– W5VO
    Commented Mar 25, 2012 at 17:42
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    \$\begingroup\$ Picking tools for library or design kit support is practically a requirement. If you aren't using the supported version of a particular piece of software, some incompatibilities may kill your design or give you false readings. That being said, the vast majority of EDA tools I have seen run on Unix/Linux systems. Most have steep learning curves. \$\endgroup\$
    – W5VO
    Commented Mar 25, 2012 at 22:26
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    \$\begingroup\$ @MartinThompson Absolutely. The more you push the boundaries of your technology (ASIC/FPGA) the more critical those steps are. That being said, the ASIC versions of those tools give you much more rope for you to get into trouble. \$\endgroup\$
    – W5VO
    Commented Mar 26, 2012 at 14:30
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    \$\begingroup\$ Note that 1 and 2 are not a general part of design. These steps are a part of so-called "process qualification", and results (fully characterized libraries) are provided by FAB Vendor. But some companies are doing "full custom design", and must complete 1 and 2 on their own. \$\endgroup\$ Commented Sep 18, 2016 at 1:28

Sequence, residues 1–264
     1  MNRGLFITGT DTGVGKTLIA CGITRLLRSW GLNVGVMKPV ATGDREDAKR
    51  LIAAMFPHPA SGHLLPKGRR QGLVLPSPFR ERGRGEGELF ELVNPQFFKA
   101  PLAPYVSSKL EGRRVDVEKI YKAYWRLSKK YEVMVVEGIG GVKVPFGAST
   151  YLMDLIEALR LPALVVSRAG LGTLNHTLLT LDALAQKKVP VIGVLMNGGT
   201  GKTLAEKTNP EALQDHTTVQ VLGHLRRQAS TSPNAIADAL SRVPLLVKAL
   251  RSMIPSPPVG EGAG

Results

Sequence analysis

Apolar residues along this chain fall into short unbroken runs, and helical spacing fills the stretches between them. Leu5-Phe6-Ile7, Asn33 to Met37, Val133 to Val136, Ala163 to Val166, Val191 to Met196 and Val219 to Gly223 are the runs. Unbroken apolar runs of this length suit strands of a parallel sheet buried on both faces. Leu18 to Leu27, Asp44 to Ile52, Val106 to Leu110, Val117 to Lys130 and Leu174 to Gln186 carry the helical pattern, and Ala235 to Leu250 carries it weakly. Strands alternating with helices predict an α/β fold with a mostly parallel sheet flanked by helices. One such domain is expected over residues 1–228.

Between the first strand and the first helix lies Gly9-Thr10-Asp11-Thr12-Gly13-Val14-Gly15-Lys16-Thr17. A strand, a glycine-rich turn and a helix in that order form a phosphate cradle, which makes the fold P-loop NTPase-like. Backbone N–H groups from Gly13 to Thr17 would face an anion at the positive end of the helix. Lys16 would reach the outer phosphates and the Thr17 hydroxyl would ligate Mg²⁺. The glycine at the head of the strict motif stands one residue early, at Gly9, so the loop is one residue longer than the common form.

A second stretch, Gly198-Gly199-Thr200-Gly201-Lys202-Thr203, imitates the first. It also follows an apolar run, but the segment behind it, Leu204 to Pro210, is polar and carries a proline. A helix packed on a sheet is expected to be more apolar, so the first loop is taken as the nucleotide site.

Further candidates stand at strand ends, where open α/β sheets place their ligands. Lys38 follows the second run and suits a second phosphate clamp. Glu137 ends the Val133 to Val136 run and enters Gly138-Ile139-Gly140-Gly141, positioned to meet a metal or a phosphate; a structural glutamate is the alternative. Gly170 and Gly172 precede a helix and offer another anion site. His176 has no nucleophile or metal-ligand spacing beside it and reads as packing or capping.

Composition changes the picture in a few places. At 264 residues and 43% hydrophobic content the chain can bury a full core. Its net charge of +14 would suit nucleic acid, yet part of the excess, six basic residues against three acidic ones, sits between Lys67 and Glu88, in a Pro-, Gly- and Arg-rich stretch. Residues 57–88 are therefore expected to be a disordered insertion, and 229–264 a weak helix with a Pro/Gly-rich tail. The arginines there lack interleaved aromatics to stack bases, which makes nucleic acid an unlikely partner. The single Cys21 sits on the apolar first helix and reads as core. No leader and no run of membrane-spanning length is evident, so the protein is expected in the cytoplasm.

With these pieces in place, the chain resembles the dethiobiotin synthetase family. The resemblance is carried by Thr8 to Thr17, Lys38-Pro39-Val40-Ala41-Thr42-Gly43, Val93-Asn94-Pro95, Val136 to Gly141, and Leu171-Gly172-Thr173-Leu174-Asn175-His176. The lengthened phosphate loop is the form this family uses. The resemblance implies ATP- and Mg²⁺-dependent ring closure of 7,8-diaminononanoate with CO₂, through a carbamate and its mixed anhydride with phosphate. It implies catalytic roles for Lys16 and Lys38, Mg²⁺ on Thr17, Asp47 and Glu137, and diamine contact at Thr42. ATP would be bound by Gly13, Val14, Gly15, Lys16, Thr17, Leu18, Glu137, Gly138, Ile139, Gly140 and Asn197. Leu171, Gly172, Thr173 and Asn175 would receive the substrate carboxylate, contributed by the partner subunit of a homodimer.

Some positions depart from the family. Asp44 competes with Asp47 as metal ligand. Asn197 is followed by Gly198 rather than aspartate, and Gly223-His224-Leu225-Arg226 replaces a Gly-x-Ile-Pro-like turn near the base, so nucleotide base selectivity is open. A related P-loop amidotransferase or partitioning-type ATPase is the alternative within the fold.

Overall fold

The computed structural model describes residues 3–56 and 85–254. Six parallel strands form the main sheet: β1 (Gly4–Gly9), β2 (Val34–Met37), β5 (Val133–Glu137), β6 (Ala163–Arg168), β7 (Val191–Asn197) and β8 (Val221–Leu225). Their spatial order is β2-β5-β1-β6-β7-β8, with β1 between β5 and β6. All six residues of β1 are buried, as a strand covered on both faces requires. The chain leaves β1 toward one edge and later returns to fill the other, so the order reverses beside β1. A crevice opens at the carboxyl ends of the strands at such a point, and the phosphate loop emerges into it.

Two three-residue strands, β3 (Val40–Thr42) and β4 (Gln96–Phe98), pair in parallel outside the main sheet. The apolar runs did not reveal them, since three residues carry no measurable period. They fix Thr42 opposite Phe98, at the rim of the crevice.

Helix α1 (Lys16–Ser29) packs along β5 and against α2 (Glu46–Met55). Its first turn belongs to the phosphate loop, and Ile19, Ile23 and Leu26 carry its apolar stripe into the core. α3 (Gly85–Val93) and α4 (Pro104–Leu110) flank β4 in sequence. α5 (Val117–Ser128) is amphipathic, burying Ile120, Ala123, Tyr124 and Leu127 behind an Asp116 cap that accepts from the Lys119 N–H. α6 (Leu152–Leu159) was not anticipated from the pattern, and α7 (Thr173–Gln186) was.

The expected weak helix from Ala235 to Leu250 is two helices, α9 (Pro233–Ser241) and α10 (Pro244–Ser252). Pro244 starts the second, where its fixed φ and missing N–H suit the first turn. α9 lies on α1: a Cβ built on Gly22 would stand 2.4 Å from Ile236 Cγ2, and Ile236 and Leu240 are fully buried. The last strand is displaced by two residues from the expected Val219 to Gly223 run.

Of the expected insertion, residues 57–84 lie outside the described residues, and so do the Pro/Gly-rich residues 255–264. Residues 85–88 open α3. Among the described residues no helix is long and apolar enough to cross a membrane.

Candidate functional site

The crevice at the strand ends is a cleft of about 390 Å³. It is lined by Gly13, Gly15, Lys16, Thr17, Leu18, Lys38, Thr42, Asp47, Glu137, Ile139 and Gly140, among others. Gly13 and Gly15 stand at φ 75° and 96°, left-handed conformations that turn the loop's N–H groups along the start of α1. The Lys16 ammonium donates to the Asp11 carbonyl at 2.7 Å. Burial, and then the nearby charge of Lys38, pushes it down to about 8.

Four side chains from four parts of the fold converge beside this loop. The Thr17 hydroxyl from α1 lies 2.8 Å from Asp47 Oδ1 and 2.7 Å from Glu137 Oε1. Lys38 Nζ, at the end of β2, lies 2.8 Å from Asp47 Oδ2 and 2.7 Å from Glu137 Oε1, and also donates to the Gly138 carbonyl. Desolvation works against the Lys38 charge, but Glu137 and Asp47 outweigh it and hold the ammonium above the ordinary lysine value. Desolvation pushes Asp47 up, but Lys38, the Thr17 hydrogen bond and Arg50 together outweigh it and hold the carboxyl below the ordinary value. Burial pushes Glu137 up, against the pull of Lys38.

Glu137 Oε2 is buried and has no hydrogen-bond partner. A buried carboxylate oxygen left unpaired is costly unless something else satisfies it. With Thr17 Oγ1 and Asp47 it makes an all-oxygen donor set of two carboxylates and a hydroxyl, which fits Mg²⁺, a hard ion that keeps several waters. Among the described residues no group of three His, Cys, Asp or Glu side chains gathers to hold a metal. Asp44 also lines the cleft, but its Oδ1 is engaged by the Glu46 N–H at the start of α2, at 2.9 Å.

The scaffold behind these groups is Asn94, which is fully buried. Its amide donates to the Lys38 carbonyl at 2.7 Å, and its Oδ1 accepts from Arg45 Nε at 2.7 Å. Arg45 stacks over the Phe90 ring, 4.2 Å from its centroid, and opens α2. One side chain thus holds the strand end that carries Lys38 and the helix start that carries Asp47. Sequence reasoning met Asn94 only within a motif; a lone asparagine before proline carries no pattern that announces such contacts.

The answer from W5VO tends to focus on the back-end, and this is a major difference between ASIC and FPGA flows; but it misses out the digital design verification part.

When getting a design onto silicon can cost a million dollars and more, and you can pack many more usable gates on an ASIC compared to an FPGA, then you spend a lot more time away from the lab and PCB's in front of workstations running simulator farms and emulators and writing tests to more fully verify an ASIC design before you release it for production. FPGA designers tend to do a large part of their testing by using the FPGA in the system it will become part of.

  • \$\begingroup\$ I would add that the basic workflow for a digital designer is not much different between ASIC and FPGA, but ASIC has much more flexibility in terms of available macro/micro elements, placing and routing, while FPGA is restricted to their pre-fabricated logic blocks and limited in interconnect topology. Thus FPGA can't reach performance levels of ASIC, and may dictate slightly different design solutions. \$\endgroup\$ Commented Sep 18, 2016 at 1:40
  • \$\begingroup\$ Hi Ali Chen. If digital design and digital verification are thought of as being separate then the flow for purely digital design is closer for FPGA vs ASIC, but there is great separation in the verification as I mentioned. :-) \$\endgroup\$
    – Paddy3118
    Commented Sep 20, 2016 at 13:27